Public counsel once again challenged the PSC, arguing that the commission had not vacated its December 29, 2006 order in accordance with the Supreme Court's direction because the new order did more than simply vacate the old; it also "attempted to determine the effect on those moneys collected under the tariffs the commission had previously approved."[10] This attempt to disposition the disputed monies broke against "[t]he general rule...that when an order or judgment is vacated, the previously existing status is restored and the situation is the same as though the order or judgment had never been made. The matters in controversy are left open for future determination."[11] Of note, the parties agreed that the actual, or correct, disposition of the already-collected moneys was not at issue here, merely the overreaching of the PSC.[12] The Supreme Court once again vacated the PSC's order.[13]

III. Commentary

The legal aspects of this decision - and its mother case - are fairly nondescript. While a writ of mandamus (or two) is perhaps an unusual administrative law occurrence, no new ground is broken. Obviously the taxpayer is funding the Battle Royale between these two administrative bodies. The more interesting question is what interest of the state of Missouri, and its taxpayers, was furthered by the legal rigmarole. It is doubtful that the Office of the Public Counsel expected to save Missouri residents money. While the increased rate may have been delayed, with the recent two-year surge in the cost of natural resources, this can only mean a greater increase than the proposed ten-percent down the road to cover the gap. Perhaps the Public Counsel sought to teach the PSC a lesson: do not try to sneak rate hikes past us; and it does seem the PSC tried as much. If so, the first legal challenge was appropriate as the tariffs would have passed unchallenged by the body charged with protecting the utility consumer.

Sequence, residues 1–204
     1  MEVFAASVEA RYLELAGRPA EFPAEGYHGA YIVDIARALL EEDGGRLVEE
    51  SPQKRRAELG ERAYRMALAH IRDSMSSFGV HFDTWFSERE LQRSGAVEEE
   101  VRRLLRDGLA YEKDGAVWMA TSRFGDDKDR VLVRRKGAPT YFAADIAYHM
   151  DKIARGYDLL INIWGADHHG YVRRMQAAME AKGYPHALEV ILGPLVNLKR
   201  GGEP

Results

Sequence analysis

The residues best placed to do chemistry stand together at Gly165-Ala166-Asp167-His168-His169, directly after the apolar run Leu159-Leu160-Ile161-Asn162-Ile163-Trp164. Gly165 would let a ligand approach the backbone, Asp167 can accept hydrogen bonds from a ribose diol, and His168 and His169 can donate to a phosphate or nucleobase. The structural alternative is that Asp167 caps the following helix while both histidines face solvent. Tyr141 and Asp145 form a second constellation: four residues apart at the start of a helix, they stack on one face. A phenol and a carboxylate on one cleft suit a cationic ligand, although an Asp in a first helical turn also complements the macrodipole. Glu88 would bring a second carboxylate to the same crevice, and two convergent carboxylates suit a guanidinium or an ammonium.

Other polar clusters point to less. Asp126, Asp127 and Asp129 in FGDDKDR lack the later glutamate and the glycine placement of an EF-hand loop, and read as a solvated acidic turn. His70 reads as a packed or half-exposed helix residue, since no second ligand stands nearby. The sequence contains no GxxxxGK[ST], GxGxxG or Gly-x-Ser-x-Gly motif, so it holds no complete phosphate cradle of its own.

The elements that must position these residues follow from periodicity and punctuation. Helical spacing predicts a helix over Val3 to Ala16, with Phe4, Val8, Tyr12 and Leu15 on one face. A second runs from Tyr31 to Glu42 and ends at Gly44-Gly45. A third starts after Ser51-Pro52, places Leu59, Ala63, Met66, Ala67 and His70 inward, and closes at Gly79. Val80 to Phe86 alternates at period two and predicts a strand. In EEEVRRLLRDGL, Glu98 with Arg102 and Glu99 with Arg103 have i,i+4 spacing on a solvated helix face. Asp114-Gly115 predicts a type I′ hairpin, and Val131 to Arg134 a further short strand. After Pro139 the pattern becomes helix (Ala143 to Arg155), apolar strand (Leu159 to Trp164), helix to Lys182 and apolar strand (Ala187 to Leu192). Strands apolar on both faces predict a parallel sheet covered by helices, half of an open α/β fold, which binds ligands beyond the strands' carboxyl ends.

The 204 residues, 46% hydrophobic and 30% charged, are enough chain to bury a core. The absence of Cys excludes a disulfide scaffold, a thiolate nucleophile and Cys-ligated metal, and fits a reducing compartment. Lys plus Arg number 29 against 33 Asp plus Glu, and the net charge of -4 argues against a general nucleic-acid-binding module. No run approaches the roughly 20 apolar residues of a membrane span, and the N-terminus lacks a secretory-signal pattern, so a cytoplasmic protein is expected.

Still, the current legal action is less defensible. The PSC overreached, however, that piece of the order could have been challenged in a rehearing (and likely appeal), which would also determine the disposition of the monies already collected by Empire. Now, the final resolution of this morass is, once again, months down the road. This decision shows the aggressiveness of the PSC in defending any slight to the "public interest." The public entity should take a page from private litigators and realize that sinking dollars into litigation does not always benefit the client.

- David R. Swaney

[1] No. SC89176 (Mo. 2008) (en banc). The West reporter citation is State ex rel. Office of Public Counsel v. Public Service Commission, 266 S.W.3d 842 (Mo. 2008) (en banc).
[2] Id.
[3] Id.
[4] State ex rel. Office of the Public Counsel v. Public Service Comm. of the State of Mo., 236 S.W.3d 632, 634 (Mo. 2007).
[5] Id.
[6] The PSC receives filings during business hours only. If the filing office did not receive the application for rehearing before the close of business Friday, the application would not be considered received until Tuesday, January 2. Id. at 634-35.
[7] Id.
[8] Id. at 635.
[9] State ex rel. Office of Public Counsel, 2008 WL 4559740 at *1.
[10] Id.
[11] Id.
[12] Id.
[13] Id.